But by 1912 when Titanic sailed, there was another, competing distress signal on the scene: “SOS.” There’s a common misnomer that the distress call is short for “Save Our Ship” or “Save Our Souls,” but the letters didn’t stand for anything—it was an adaptation of an existing German radio call. The signal consisted of three dots, three dashes, and another three dots—simple to tap out in Morse code during an emergency and easy to understand, even in poor conditions. An international group including the United Kingdom had ratified SOS as the official international distress signal four years earlier in 1908, but British and Marconi telegraph operators took their time adopting the new signal. (The United States, which resisted early international radio regulation, did not initially sign on to the SOS agreement.)
Acclaimed historian and lifelong Titanic researcher, Dr Michael Martin is collaborating with American travel experiences company Walks to provide an online tour of Cobh, the Titanic’s last port of call. The Titanic Trail, established in 1998 by Dr Martin is a daily guided walking tour that explores the heritage of Cobh, providing an insight into the maritime, military and social heritage of the town and harbour. The renowned tour is now going online for a limited time as part of Walks ‘Spotlight Series’ With many walking tours affected as a result of Covid-19, the Spotlight Series brings fascinating tours online, which people can enjoy from the comfort of their own home.
June is the sixth month on both the Gregorian and Julian calendars. June has the summer solstice in the Northern Hemisphere and the winter solstice in the Southern Hemisphere. Traditionally this is on June 21 but that can vary each year. Ancient Romans thought the period from Mid-March to Mid-June was a bad time to get married. June’s birthstones are the pearl, alexandrite and moonstone. The rose and honeysuckle are June flowers.
Bride died of lung cancer in 1956 aged 66, and a plaque has been displayed in his honour at his childhood home in the London borough of Bromley and the house has become a popular pilgrimage site for Titanic enthusiasts. But Scone and District Historical Society believe that his home in the village should also bare a memorial in Bride’s honour. The group have applied to the council’s planning team to put up a plaque on the C-listed building, which is still a privately owned home. It’s owner is due to celebrate his 100th birthday on December 14 and the plaque would be a fantastic present to mark the occasion, according to the Historical Society.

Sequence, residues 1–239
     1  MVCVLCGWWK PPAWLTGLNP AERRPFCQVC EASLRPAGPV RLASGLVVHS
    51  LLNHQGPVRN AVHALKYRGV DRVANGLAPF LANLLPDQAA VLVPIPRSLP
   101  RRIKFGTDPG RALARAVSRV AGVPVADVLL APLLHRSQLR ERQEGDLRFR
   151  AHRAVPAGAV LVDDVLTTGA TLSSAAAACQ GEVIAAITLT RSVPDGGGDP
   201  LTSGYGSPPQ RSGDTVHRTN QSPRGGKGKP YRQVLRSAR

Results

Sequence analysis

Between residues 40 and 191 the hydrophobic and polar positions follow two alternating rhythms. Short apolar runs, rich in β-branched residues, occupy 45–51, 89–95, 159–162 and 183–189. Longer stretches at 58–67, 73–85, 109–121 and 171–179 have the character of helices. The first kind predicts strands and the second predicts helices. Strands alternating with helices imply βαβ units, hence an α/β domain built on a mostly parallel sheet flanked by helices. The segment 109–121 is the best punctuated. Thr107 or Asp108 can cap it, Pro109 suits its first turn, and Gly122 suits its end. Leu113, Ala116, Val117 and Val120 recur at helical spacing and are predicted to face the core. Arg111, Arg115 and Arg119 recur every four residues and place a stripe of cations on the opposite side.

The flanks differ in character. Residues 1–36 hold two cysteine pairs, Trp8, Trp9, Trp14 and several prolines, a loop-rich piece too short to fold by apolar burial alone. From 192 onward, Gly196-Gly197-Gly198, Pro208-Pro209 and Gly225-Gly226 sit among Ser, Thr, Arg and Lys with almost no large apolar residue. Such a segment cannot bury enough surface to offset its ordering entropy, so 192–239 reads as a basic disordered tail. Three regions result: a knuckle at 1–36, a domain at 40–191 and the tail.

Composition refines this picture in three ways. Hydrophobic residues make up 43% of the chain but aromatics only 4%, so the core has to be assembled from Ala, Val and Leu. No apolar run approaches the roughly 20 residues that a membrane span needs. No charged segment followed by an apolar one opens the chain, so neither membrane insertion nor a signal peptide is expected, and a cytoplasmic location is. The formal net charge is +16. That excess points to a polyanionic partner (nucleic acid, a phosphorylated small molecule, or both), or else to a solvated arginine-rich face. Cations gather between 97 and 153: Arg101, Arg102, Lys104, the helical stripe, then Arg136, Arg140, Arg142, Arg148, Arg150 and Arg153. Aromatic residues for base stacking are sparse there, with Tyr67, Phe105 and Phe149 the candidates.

Part of the Old School House near Belfast — a charming 1833 structure that has been converted into a four-bedroom single-family property — is made of wood from the fated ship. The house’s owner was told by a man who worked in a local salvage yard that the wood for the kitchen’s window seat was used in the building of the Titanic. The timber is said to came from Belfast’s Harland & Wolff shipyard, where the Titanic was constructed between 1909 and 1912. The link has never been confirmed, and it’s unclear when in the house’s 186-year history the bench was added. But it is plausible that the wood could have come from the famous Belfast shipbuilding hub — it’s less than 5 miles away.
Geneva watchmaker Romain Jerome purchased a piece of the hull of the Titanic, the oceanliner that sank in 1912, to make the Titanic-DNA collection. The watch has an alloy using the slab from the wreck that was retrieved in 1991. The black dial face is made of lacquer paint that includes coal recovered from the debris field of the wreck site. Jerome made 2,012 watches — costing between $7,800 and $173,100 — to coincide with the centenary anniversary of the Titanic’s sinking in 2012.
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